Breakeven pricing is associated with breakeven analysis, which is a forecasting tool used by marketers to determine how many products must be sold before the company starts realizing a profit. Like the markup method, breakeven pricing does not directly consider market demand when determining price, however it does indicate the minimum level of demand that is needed before a product will show a profit. From this the marketer can then assess whether the product can realistically achieve these levels.

The formula for determining breakeven takes into consideration both variable and fixed costs (discussed in the Pricing Decisions Tutorial) as well as price, and is calculated as follows:

** Fixed Cost **** = # of Units to Breakeven**

** Price – Variable Cost Per Unit**

For example, assume a company operates a single-product manufacturing plant that has a total fixed cost (e.g., purchase of equipment, mortgage, etc.) per year of (US) $3,000,000 and the variable cost (e.g., raw materials, labor, electricity, etc.) is $45.00 per unit. If the company sells the product directly to customers for $120, it will require the company to sell 40,000 units to breakeven.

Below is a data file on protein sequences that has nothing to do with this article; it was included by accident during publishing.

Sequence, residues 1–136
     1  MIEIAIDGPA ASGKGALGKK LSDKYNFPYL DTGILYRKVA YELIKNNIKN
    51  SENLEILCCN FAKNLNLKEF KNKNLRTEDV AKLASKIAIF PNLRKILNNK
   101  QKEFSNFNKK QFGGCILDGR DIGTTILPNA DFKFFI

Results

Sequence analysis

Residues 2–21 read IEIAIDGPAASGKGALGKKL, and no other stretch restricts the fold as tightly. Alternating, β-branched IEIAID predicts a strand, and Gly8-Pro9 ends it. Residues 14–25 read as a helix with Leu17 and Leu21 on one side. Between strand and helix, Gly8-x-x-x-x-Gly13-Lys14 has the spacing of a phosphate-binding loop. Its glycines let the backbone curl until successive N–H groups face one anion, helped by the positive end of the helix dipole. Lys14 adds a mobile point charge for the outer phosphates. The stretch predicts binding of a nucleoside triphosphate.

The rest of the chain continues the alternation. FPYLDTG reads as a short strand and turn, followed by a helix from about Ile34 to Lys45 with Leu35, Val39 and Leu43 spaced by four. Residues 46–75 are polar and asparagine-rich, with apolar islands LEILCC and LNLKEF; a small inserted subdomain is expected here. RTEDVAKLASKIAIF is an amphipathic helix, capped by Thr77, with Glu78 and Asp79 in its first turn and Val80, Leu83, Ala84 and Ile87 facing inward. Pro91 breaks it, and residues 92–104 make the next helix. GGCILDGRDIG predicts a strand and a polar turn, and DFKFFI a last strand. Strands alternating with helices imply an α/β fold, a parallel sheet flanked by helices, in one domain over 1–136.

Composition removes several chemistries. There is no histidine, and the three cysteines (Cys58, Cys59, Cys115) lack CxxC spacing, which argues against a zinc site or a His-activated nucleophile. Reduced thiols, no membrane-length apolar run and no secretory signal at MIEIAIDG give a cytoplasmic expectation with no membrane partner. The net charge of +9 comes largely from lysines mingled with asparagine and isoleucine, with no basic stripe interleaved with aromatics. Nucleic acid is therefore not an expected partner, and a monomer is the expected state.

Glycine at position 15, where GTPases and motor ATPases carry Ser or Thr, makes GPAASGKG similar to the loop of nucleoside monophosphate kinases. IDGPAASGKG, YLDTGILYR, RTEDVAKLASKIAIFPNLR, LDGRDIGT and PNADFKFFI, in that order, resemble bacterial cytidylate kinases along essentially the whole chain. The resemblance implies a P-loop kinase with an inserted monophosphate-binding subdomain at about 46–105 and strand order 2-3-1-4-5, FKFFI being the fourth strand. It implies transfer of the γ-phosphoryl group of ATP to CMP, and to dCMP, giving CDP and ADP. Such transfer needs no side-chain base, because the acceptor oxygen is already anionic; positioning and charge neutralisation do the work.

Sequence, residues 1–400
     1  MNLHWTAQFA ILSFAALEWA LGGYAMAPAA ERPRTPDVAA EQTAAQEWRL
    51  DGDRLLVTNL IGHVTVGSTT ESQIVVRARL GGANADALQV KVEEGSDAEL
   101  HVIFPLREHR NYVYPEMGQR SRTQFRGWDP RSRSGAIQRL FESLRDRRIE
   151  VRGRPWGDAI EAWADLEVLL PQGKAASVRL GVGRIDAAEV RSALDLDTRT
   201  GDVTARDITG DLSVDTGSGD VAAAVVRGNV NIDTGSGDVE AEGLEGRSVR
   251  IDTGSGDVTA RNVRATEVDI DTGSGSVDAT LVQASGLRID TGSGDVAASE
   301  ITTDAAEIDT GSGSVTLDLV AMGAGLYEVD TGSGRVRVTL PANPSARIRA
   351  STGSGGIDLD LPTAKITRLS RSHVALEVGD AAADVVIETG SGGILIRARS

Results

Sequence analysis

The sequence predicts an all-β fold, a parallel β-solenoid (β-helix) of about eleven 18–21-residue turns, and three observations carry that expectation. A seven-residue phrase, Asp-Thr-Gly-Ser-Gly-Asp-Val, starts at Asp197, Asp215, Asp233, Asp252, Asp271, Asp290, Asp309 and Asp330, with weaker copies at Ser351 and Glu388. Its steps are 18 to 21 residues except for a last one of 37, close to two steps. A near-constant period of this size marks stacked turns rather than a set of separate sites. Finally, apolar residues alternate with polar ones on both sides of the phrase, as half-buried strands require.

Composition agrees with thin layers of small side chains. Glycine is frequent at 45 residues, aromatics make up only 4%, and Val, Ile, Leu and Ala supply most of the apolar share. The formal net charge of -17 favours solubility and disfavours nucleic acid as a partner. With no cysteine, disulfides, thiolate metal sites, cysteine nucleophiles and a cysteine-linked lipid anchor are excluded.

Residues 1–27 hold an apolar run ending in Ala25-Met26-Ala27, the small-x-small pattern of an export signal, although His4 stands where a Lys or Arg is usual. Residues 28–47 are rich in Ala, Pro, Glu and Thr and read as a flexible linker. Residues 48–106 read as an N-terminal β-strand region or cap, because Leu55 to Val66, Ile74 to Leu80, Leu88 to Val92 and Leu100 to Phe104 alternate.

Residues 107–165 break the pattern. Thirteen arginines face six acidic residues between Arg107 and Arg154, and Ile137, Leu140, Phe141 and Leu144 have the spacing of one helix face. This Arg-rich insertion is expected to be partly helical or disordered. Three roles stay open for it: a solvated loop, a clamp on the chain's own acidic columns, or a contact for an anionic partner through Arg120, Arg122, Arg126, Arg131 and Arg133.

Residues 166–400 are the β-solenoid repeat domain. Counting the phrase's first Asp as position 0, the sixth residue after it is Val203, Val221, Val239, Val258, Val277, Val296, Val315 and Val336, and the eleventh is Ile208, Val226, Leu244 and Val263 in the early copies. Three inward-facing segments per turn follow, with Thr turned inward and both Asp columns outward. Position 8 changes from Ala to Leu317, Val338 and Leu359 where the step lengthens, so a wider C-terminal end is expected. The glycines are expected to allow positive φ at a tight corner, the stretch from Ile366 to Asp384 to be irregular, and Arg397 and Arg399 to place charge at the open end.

**$3,000,000 = 40,000 units**

** $120 – $45**

Again we must emphasize that marketers must determine whether the demand (i.e., number of units needed to breakeven) is realistically attainable. Simply plugging in a number for price without knowing how the market will respond to that figure means that this method has little value. (Note: A common mistake when performing this analysis is to report the breakeven in a monetary value such a breakeven in dollars (e.g., $40,000). The calculation presented above is a measure of units that need to be sold. Clearly it is easy to turn this into a revenue breakeven analysis by multiplying the units needed by the selling price. In our example, 40,000 units x $120 = $4,800,000.)